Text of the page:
Friday, October 15, 2004

Game Theory and Terrorism

Foreign Dispatches discusses terrorism in the context of game theory:
...a certain amount of irrationality and a willingness to engage in excessive retaliation are perfectly valid tactics to adopt in dealing with the problem...
Terrorism and Game Theory: An Economic Analysis
Their primary motive of the government is the preservation of peace while staying in power. Compared to the terrorists, they are in a more complicated position. Unlike the simple game in which two cars driving head on to each other, the simplest way to win is to wave the steering wheel at your opponent. However, this option is not available to governments, because it is absolutely necessary to balance their goal of keeping the terrorists at bay with other considerations, such as concern for the well being of the hostages and the reaction from other nations and this is the way politics happens to be.
Also - Terrorism & Game Theory
This keynote paper examines how game-theoretic analyses of terrorism have provided some policy insights that do not follow from nonstrategic analyses. Some new game-theoretic applications are indicated that concern terrorist targeting of businesses, officials, and the general public, where targets can work at cross-purposes as they attempt to deflect the attack. Other novel applications involve government choice among alternative antiterrorism policies, and government concessionary policy when terrorists are either hardliners or moderates in their viewpoint. Directions for future research are also indicated
Terrorism Prevention: A General Model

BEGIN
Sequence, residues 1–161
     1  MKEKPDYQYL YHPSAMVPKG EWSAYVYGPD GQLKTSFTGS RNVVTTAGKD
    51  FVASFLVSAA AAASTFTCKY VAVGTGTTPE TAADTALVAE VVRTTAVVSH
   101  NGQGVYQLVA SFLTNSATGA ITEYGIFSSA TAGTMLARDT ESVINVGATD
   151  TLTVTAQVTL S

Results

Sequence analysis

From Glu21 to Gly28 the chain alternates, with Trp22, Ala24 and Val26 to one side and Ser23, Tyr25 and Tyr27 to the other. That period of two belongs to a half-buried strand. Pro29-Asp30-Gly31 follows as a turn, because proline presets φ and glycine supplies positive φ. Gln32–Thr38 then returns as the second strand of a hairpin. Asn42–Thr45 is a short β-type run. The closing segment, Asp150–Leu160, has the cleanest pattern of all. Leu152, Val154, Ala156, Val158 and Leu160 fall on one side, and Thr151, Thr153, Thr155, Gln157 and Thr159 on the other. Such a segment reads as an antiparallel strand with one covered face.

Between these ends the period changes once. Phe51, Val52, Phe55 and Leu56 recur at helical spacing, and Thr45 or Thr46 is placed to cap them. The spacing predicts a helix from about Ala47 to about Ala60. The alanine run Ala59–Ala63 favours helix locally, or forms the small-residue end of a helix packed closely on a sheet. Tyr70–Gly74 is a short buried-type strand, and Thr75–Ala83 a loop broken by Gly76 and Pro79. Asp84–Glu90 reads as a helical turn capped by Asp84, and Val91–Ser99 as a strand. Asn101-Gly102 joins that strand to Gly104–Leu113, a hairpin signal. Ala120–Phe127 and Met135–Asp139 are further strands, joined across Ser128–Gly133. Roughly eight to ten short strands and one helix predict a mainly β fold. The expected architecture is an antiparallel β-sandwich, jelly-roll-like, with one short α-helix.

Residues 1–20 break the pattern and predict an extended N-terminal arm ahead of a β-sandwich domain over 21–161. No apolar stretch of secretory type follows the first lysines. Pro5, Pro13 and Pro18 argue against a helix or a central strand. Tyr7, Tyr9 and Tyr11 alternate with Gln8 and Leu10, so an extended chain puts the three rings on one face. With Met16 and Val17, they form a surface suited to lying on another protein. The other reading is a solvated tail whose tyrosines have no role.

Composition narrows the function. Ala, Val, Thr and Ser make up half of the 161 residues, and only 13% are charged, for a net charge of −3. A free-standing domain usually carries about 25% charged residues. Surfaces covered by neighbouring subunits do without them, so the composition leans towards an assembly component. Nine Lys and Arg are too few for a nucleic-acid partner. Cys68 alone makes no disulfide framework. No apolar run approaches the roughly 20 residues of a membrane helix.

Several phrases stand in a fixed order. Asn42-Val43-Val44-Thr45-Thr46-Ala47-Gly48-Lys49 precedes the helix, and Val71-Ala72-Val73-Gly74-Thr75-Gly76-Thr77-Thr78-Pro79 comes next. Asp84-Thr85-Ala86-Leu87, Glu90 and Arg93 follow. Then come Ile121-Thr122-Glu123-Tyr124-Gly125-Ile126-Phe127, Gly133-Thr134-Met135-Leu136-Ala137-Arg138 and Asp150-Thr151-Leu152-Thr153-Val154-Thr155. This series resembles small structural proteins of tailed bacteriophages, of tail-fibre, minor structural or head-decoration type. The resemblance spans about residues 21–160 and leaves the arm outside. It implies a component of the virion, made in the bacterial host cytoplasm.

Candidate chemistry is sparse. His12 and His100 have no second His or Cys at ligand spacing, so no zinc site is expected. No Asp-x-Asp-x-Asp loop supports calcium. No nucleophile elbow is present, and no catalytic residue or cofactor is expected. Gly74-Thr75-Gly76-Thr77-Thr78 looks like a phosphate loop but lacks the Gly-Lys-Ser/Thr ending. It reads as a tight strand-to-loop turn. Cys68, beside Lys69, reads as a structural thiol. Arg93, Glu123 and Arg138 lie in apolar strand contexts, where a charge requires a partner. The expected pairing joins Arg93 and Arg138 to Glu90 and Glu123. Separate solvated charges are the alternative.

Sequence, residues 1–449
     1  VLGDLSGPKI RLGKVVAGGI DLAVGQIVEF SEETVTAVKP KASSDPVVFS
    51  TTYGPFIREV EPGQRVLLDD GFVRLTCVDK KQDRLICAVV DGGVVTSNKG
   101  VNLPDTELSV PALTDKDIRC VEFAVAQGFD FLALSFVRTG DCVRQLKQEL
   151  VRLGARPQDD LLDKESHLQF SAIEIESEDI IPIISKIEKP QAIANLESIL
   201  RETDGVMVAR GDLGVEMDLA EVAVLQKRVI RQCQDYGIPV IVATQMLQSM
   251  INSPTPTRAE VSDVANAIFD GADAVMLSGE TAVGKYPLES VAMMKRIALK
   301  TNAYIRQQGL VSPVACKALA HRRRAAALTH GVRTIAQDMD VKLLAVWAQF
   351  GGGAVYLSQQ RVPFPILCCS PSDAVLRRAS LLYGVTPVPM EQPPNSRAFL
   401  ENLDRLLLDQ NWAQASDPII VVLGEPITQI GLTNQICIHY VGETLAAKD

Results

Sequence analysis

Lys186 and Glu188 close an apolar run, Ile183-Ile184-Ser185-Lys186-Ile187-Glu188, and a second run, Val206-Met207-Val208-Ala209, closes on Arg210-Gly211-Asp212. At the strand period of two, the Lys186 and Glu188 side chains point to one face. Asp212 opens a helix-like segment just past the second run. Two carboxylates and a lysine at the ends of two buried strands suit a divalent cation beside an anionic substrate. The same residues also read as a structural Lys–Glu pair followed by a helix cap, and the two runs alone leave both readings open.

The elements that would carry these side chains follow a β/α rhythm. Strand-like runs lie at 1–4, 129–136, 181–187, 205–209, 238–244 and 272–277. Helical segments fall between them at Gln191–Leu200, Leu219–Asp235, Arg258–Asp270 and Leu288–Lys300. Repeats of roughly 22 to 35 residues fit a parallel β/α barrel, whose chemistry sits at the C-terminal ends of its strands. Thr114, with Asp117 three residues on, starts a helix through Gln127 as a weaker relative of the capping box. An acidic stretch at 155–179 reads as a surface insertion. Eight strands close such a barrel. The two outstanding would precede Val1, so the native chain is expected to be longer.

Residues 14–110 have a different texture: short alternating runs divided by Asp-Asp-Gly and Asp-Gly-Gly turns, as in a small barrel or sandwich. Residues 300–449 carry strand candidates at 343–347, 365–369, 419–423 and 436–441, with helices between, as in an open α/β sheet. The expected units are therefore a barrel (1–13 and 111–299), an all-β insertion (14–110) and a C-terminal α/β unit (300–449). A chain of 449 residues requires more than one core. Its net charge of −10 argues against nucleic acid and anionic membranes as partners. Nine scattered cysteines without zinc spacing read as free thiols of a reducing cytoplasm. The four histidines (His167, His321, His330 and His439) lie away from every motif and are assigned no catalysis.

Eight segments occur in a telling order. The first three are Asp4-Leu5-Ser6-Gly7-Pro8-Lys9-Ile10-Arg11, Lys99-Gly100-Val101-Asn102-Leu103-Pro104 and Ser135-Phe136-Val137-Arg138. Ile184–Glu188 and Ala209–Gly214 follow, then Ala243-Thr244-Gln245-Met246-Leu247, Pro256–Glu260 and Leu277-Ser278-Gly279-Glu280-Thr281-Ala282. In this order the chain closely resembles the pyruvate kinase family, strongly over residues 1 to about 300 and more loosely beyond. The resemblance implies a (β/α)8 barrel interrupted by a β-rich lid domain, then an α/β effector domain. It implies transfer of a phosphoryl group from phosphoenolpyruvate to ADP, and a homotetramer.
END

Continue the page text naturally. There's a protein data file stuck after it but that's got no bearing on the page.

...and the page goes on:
In this paper, I present and discuss a method for modelling an important trade-off faced by terrorism prevention policies: the trade-off between, on the one hand, trying to reduce people's inclination towards terrorism, and, on the other hand, trying to protect society against existing terrorists. In general, cause-related policies reduce inclination towards terrorism (first goal), involving measures such as raising the standard of living, and symptom-related policies reduce the power of terrorists (second goal), involving measures such as capturing and detaining terrorists. But, crucially, symptom-related policies also affect the inclination towards terrorism, through (desirable) deterrence and (undesirable) 'hate effects'. If 'hate effects' dominate over deterrence, more toughness overall increases inclination, possibly overcompensating the 'capture success'. So, symptom-related policies may face a trade-off between capturing terrorists, and thereby possibly creating new terrorists. Through the modelling method presented, both policy goals are simultaneously taken into account.

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